A year-and-a-half ago, the Royals and Rays consummated a seven-player trade, and almost immediately the smart set — pardon me, I mean "the smart set" — ruled the trade a big win for the Rays.
After all, the Royals were essentially trading two of their best prospects, including their No. 1 hitting prospect, Wil Myers — for what looked like two seasons of James Shields and not a lot else.
Again, there were five other players in the deal, but essentially it seemed like Myers for Shields, with a bunch of throw-ins.
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Well, the most valuable players in that deal this season have been a couple of the throw-ins: Wade Davis has been tremendous in the Royals’ bullpen, and Tampa Bay’s Jake Odorizzi — who pitched six shutout frames Saturday against the Cubs, which got me to thinking about this again — has slightly out-performed Shields.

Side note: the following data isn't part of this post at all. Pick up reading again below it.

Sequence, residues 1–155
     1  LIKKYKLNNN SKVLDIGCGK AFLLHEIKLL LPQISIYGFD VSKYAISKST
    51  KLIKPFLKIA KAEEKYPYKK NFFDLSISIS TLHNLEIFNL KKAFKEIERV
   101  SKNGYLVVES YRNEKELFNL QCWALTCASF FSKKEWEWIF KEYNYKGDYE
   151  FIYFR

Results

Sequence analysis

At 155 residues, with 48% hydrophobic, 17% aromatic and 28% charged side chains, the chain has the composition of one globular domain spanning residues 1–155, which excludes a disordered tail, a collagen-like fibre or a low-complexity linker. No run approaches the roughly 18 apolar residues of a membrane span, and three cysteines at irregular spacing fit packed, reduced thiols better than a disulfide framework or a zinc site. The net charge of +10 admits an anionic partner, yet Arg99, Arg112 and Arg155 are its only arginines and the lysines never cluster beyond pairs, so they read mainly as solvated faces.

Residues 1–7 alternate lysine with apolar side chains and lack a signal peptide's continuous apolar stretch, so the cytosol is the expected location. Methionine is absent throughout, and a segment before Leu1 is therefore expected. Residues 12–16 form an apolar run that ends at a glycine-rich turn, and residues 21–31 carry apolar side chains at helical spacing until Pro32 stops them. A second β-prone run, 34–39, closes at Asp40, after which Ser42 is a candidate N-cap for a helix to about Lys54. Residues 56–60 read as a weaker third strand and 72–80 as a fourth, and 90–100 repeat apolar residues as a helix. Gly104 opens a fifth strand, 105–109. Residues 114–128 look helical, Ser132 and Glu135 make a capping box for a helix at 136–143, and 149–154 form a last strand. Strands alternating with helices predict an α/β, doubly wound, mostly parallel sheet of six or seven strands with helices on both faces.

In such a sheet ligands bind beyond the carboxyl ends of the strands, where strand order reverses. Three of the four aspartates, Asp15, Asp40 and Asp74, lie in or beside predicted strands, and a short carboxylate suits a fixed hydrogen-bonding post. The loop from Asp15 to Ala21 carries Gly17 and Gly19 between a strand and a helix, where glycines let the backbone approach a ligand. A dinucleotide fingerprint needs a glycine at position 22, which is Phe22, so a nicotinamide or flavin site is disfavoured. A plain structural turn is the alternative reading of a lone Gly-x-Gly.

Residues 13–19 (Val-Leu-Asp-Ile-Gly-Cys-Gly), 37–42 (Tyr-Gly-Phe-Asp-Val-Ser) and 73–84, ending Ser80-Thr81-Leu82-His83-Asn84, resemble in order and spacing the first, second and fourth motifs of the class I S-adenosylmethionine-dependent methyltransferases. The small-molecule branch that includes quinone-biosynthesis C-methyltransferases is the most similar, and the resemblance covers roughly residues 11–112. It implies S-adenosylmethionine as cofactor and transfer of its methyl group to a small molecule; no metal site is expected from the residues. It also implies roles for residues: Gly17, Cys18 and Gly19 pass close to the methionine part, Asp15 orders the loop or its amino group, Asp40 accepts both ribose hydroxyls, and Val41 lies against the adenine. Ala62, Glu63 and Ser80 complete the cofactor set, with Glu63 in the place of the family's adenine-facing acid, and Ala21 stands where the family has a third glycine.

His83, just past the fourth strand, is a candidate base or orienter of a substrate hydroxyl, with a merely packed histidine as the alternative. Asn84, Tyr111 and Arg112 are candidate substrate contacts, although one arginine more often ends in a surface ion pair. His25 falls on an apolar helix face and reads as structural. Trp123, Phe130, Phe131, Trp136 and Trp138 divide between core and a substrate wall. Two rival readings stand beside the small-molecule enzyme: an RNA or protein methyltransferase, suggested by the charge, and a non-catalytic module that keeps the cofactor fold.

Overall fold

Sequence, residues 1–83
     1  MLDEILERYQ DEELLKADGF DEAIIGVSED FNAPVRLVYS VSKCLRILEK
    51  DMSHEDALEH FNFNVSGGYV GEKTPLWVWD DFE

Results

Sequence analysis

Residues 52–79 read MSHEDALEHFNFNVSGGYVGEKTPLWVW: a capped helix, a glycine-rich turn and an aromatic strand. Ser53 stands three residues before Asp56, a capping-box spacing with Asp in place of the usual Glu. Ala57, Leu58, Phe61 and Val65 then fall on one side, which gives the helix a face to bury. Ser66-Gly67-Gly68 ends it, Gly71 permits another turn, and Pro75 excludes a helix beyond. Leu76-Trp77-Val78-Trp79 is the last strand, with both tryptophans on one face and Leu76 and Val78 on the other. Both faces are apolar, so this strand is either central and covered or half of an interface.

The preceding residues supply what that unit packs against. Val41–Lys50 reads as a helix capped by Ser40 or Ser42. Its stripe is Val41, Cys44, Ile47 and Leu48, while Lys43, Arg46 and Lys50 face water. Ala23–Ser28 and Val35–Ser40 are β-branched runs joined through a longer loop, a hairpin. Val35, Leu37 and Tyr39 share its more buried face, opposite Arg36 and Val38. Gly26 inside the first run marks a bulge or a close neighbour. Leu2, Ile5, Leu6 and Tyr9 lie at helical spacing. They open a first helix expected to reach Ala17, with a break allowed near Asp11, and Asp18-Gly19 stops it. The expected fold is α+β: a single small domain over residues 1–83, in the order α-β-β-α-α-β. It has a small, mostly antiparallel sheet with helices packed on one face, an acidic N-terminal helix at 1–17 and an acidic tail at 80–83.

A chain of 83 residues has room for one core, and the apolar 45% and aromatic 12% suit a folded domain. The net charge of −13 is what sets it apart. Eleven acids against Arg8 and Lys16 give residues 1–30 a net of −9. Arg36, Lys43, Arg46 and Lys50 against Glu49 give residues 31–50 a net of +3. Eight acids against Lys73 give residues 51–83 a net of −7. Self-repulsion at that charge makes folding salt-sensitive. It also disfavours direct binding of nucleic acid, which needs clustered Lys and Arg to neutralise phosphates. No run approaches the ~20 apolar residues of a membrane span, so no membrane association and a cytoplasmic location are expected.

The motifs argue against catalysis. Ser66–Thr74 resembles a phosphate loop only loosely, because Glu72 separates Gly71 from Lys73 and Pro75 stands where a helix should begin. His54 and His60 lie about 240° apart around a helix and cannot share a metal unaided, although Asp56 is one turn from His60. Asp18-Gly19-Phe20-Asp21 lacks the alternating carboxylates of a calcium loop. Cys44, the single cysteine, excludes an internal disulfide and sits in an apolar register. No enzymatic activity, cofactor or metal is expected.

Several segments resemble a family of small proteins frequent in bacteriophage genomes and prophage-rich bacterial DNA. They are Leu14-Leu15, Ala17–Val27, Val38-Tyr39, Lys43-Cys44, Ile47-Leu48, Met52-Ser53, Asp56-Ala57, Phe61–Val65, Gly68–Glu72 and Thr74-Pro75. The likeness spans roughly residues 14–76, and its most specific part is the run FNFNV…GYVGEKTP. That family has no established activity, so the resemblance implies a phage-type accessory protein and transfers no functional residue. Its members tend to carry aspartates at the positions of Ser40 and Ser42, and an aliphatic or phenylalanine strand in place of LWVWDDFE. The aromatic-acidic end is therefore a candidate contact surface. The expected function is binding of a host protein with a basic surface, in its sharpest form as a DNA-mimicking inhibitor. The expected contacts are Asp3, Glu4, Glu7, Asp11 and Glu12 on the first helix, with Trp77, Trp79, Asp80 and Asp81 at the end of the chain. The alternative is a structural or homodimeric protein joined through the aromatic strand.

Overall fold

Granted, this is just a snapshot in time. Shields and Myers were both impressive last season. But this snapshot is a great object lesson in the unpredictability of baseball players, and with seven players involved, just about anything might happen.
Still, the early take on this deal was that the Royals had to reach the postseason with Shields, or they would lose the deal. Because Odorizzi and Myers should pay dividends to the Rays for years to come.
Which still seems true, by the way.
Addendum: Since I typed the above, James Shields pitched a shutout. Which might well have pushed him past Odorizzi a hair. The central point holds, I think: These things are hard to figure.